Business Newspaper

Weekly Market Commentary - August 11th, 2023

The Markets

Last week, Fitch Ratings startled markets by lowering the credit rating of United States Treasuries from AAA to AA+. It was the second rating agency to downgrade U.S. Treasuries; Standard & Poor’s cut its rating to AA+ in 2011, reported Benjamin Purvis and Simon Kennedy of Bloomberg.

The decision to lower the rating was not a comment on the strength of the U.S. economy, which expanded faster than expected in the second quarter on the strength of business investment in equipment, particularly transportation equipment, reported Erik Lundh of The Conference Board.

While many were baffled by the decision, as well as its timing, Fitch had warned it was considering a rating downgrade in May when lawmakers were haggling over the debt ceiling while the possibility of default loomed, Bloomberg reported.

Last week, Fitch Senior Director Richard Francis told Davide Barbuscia of Reuters, “Fitch downgraded the U.S credit rating due to fiscal concerns, a deterioration in U.S governance, as well as political polarization […]”

There are now 10 countries with government bonds that are rated AAA by at least two rating agencies: Canada, Germany, Denmark, Netherlands, Sweden, Norway, Switzerland, Luxembourg, Singapore, and Australia, reported Tania Chen of Bloomberg.

Markets did not take the downgrade well. Stocks sold off, and Treasury rates rose mid-week. Jacob Sonenshine of Barron’s reported:

“Of course, the [stock] market always needs a reason to fall, and this past week it found one in surging Treasury yields. It’s hard to tell exactly what made them pop. Though some blamed Fitch’s downgrade of the U.S. credit rating to AA+ from AAA, it’s more likely a combination of massive issuance—the Treasury said it plans to issue more debt than had been expected—and solid economic data that forced market participants to reconsider their growth targets. Higher yields make stocks worth less, all else being equal.”

At the end of the week, major North American stock indices were lower. Yields on longer U.S. Treasuries rose more than yields on most shorter-term Treasuries. In Canada, Treasury bill yields increased while Government of Canada bond yields fell.

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Bonds are loans that investors make to governments, companies and other entities. When an investor buys a bond, they agree to lend their money for a specific period of time. In return, the issuer of the bond agrees to pay interest and return the investors’ principal when the bond matures.

Bonds are a part of many investment portfolios because they:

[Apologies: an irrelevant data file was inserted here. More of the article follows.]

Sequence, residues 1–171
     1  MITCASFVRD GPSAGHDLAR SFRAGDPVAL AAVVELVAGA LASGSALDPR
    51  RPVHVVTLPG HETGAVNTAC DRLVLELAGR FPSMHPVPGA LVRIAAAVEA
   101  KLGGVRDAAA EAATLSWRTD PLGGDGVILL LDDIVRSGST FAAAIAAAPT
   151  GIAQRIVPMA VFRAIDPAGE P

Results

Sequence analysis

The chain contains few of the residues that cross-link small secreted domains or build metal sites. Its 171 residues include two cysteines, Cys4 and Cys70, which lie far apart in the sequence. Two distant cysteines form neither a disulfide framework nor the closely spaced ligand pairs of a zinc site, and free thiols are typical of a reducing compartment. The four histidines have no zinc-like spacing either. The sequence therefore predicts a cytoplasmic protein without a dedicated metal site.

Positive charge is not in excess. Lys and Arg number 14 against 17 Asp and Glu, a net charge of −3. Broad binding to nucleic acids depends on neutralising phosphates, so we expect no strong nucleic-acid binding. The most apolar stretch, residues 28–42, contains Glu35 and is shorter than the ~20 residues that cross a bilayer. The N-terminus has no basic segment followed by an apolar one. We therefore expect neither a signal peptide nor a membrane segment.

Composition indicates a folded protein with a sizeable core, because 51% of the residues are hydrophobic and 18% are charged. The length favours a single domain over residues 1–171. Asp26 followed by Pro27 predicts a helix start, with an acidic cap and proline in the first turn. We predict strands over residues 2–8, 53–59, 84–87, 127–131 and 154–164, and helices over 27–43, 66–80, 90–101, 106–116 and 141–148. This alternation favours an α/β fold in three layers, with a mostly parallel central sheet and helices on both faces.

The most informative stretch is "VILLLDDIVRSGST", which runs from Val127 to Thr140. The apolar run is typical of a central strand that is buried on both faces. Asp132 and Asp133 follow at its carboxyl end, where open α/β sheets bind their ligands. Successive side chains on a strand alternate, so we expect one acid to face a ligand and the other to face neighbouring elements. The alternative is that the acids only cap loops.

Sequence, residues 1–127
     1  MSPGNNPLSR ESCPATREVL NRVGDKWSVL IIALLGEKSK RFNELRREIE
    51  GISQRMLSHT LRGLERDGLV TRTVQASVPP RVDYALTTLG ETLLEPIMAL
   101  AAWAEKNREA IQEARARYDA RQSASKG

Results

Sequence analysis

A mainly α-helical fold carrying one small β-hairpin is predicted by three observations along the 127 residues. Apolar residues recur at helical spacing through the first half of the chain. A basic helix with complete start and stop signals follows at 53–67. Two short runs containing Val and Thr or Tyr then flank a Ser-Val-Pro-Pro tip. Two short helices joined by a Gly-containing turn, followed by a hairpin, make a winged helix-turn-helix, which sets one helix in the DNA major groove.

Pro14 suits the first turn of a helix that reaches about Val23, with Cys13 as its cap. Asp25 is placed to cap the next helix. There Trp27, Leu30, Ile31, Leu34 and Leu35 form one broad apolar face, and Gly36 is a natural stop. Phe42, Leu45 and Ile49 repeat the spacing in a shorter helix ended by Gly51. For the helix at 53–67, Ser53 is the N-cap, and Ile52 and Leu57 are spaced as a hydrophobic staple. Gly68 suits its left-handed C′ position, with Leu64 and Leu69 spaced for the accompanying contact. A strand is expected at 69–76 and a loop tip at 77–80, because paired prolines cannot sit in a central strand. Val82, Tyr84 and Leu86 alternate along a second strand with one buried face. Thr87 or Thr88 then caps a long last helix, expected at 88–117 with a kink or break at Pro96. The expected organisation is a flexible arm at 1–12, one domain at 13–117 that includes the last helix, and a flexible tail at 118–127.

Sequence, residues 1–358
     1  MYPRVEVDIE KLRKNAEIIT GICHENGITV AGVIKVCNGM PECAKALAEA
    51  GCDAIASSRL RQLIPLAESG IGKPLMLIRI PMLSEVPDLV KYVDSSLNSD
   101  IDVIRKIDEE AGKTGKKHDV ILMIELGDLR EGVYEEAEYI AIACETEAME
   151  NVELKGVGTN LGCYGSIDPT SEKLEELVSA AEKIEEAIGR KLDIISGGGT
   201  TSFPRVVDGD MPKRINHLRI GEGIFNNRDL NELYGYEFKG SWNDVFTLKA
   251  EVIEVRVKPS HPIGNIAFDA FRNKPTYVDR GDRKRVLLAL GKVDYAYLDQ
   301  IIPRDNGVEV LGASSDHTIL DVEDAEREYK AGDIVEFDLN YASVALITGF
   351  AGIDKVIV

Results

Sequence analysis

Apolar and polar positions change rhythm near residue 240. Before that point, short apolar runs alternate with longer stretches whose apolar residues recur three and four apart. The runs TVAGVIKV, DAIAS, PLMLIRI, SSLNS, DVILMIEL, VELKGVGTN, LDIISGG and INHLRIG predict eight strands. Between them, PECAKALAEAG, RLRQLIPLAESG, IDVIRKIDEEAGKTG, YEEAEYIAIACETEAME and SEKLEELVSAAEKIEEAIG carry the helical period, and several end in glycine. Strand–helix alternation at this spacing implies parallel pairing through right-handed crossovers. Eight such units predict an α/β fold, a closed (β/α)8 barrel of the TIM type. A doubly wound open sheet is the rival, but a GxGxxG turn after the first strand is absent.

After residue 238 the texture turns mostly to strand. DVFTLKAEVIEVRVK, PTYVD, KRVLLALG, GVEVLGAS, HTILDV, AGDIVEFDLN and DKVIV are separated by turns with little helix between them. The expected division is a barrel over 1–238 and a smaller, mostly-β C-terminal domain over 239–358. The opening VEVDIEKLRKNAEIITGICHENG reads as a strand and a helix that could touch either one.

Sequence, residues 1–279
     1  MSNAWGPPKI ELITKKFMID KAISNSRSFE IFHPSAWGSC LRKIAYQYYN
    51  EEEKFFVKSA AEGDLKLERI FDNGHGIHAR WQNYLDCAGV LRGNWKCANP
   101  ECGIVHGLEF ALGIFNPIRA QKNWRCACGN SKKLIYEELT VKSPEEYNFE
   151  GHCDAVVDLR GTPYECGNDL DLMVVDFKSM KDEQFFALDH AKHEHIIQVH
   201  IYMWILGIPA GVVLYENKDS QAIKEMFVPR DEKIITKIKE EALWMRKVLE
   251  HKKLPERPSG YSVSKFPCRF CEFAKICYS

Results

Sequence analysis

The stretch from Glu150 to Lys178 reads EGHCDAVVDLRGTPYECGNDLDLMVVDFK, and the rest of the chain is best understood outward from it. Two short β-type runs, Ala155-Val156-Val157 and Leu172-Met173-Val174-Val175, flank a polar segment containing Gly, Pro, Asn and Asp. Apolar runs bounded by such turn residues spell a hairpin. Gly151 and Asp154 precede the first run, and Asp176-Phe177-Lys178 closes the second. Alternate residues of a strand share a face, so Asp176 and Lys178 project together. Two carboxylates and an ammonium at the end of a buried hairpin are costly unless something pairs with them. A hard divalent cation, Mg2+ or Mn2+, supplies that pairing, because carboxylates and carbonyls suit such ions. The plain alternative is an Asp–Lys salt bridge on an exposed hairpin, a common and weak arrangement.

1) Offer a source of income, and

2) Help manage overall portfolio risk.

Generally, bonds are thought to be safer than stocks; however, they are not risk-free. Bonds have interest rate risk, which means the value of a bond changes over time, depending on how attractive its interest rate is to investors. For example:

Bond values fall when rates rise. If interest rates move from three percent to five percent, and new investors will earn a five percent interest, then the value of bonds offering 3 percent are likely to drop. The opposite is also true.

Bond values rise when rates fall. If interest rates move from five percent to three percent, and new investors will earn a three percent rate of interest, the value of older bonds offering a five percent return are likely to increase.

The risk and reward profile of a specific bond depends on a variety of factors, including:

The length of time until the bond matures. When a bond “matures,” the issuer is expected to repay the money it borrowed. Maturities may range from one month to 30 years. Bonds with shorter maturities tend to pay less interest because the chance that interest rates will change significantly is lower.

The creditworthiness of the borrower. Creditworthiness reflects whether the borrower is expected to pay interest and return principal in a timely way. Independent rating agencies – Fitch, Standard & Poor’s and Moody’s – review the financial and credit histories of governments and companies issuing bonds, and then assign ratings. There are two broad rating categories:

· Investment grade (AAA/highest quality, AA/high quality, A/strong quality and BBB/medium investment grade), and

· Below-investment grade (BB/low investment grade, B/highly speculative, CCC/substantial risk, CC/high probability of default, C/default in process and D in default).

Weekly Focus – Think About It

“There is nothing either good or bad but thinking makes it so.”

—William Shakespeare, playwright

Best regards,

Eric Muir
B.Comm (Hons. Finance), CIM®, FCSI
Senior Portfolio Manager

Derek Lacroix
Associate Portfolio Manager

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Information in this article is from sources believed to be reliable, however, we cannot represent that it is accurate or complete. It is provided as a general source of information and should not be considered personal investment advice or solicitation to buy or sell securities. The views are those of the author, Eric Muir and Derek Lacroix and not necessarily those of Raymond James Ltd. Investors considering any investment should consult with their Investment Advisor to ensure that it is suitable for the investor’s circumstances and risk tolerance before making any investment decision. Raymond James Ltd. is a Member Canadian Investor Protection Fund.